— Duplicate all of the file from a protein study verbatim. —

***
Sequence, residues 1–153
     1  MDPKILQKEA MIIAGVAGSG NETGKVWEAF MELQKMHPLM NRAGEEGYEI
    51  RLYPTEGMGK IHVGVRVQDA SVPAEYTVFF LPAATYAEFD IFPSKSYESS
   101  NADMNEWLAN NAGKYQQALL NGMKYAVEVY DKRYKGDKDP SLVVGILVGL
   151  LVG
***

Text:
Sequence, residues 1–153
     1  MDPKILQKEA MIIAGVAGSG NETGKVWEAF MELQKMHPLM NRAGEEGYEI
    51  RLYPTEGMGK IHVGVRVQDA SVPAEYTVFF LPAATYAEFD IFPSKSYESS
   101  NADMNEWLAN NAGKYQQALL NGMKYAVEVY DKRYKGDKDP SLVVGILVGL
   151  LVG